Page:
Reference > Cambridge History > Later National Literature, Part III > Popular Bibles > Criticism and Comment
  Influence of Quimby General effect  

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The Cambridge History of English and American Literature in 18 Volumes (1907–21).
VOLUME XVIII. Later National Literature, Part III.

XXVIII. Popular Bibles.

§ 8. Criticism and Comment.


This post-war world is not the world of 1906 and 1907 when Christians of many folds seemed suddenly to discover that there was a new cult knocking loudly at the door of public interest, winning men and women from the various denominations, giving no reason which the average man outside Christian Science could understand for the faith it taught, using a vocabulary strange and even queer to many, making worthy doctors trained in the best schools seem to be of none effect, giving them for rivals ambitious healers of scant training and that not in institutions recognized, and only under public compulsion abandoning its claim to supplant surgery and to deal with contagious diseases which might sweep a whole community unless subject to conditions imposed by Boards of Health. Little wonder then that for the first time what seemed to many a menace to conventional Christianity and to scientific medicine was placed along with its founder under the microscope of ruthless scrutiny, and that on both sides where fifteen years ago light alone was needed, heat was often generated.   42
  Critics studied Science and Health with varying results. Some saw nothing good in book or author. That was inevitable, but it must also be admitted that under criticism many Christian Scientists have kept a silence usually as wise as it is Christian. Others, in a purely scientific spirit, dissected the book without bias, and the author’s career with no more bitterness than the trained historian brings to the consideration of Mahomet or Queen Elizabeth. Others approached the task from the practical point of view, discussed the author only as far as seemed necessary to understand her teaching, analyzed the book in sincerity, tried to find where it reached back to Quimbyism, and where to an idealism as old as Democritus of Abdera, and discovered a curious theology often quaintly expressed in such words as “Principle,” “Father-Mother God,” and “Demonstrate,” a sacramental system they believed evacuated Baptism and the Lord’s Supper of their historic meaning and a tendency to dualism through an emphasis on Animal Magnetism so like the Devil of orthodoxy that some adherents are reported to have abandoned Christian Science because they could not see how God could be All in All and “M. A. M.” be half and half.   43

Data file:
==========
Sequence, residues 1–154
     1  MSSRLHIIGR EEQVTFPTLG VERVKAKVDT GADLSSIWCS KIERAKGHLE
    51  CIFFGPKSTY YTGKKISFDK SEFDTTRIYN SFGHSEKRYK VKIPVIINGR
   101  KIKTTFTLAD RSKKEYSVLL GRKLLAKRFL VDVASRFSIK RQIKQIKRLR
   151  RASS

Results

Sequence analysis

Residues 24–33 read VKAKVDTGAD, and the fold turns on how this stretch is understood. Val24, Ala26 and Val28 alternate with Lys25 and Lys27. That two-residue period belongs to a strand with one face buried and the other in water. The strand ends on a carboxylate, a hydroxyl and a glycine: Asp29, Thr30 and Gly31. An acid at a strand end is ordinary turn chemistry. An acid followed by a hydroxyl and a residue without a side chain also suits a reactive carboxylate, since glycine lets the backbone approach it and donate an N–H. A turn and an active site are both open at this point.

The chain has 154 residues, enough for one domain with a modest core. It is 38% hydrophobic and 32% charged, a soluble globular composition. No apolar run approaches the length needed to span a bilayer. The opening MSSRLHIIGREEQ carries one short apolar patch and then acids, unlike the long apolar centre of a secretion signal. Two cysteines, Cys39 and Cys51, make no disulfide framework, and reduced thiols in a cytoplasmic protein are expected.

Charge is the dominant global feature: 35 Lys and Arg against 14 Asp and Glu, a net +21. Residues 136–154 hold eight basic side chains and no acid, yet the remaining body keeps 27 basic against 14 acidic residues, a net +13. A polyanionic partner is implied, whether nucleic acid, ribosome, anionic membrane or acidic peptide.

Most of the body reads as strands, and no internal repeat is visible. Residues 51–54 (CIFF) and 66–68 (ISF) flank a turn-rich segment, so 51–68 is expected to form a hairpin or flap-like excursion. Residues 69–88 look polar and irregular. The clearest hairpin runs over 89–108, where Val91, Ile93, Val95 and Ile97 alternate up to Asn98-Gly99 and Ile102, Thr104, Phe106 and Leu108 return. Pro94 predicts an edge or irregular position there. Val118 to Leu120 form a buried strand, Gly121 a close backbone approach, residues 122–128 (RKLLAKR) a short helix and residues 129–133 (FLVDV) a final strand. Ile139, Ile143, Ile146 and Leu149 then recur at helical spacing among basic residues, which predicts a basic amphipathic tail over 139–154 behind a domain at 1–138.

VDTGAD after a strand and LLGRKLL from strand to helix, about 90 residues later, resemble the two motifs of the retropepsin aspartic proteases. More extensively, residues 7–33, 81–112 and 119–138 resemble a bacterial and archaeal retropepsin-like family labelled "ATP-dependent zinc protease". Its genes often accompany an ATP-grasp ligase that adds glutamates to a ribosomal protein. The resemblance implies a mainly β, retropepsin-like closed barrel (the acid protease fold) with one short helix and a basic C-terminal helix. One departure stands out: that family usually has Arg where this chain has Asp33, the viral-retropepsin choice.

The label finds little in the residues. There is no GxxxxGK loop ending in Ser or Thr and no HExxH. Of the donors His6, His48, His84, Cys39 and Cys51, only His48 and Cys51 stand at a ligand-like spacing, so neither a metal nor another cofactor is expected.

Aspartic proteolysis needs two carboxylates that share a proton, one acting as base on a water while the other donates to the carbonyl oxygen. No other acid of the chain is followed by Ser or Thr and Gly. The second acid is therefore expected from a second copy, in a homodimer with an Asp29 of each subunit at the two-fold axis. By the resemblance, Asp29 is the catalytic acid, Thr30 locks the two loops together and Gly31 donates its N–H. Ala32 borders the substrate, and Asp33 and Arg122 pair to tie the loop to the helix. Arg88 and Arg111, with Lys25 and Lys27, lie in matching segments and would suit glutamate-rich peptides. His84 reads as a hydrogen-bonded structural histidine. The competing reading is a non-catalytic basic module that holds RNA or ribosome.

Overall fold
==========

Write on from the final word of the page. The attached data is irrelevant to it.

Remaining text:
To crown all, many outside of Christian Science are puzzled that the Lord’s Prayer should seem to need the curious commentary given it in both Science and Health and public worship:
       
Our Father which art in heaven.
Our Father-Mother God, all-harmonious.
Hallowed be Thy Name.
Adorable One.
Thy Kingdom come.
Thy kingdom is come, Thou art ever-present.
Thy will be done on earth as it is in heaven.
Enable us to know, as in heaven, so on earth—God is omnipotent,
supreme.
Give us this day our daily bread;
Give us grace for today; feed the famished affections;
And forgive us our debts as we forgive our debtors.
And love is reflected in love.
And lead us not into temptation, but deliver us from Evil;
And God leadeth us not into temptation, but delivereth us from sin,
disease, and death.
For thine is the kingdom and the power, and the glory forever! For God is infinite, all-power, all Life, Truth, Love, over all,and All.*
       
* (Science and Health, p. 16.)
  44
  After her experience in passing from a youth and middle age of doubtful health into an old age of good health, the more remarkable because of her natural frailness, Mrs. Eddy staked the value of her magnum opus upon the therapeutics which it taught. Her followers have done the same. Results have been shown in the many cures reported in the Wednesday evening testimony meeting, so well attended, in some places regularly by thousands, that the mid-week service, to most denominations a problem, and to many a farce, must be reckoned with by those who study Science and Health from any point of view.   45

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  Influence of Quimby General effect  
 
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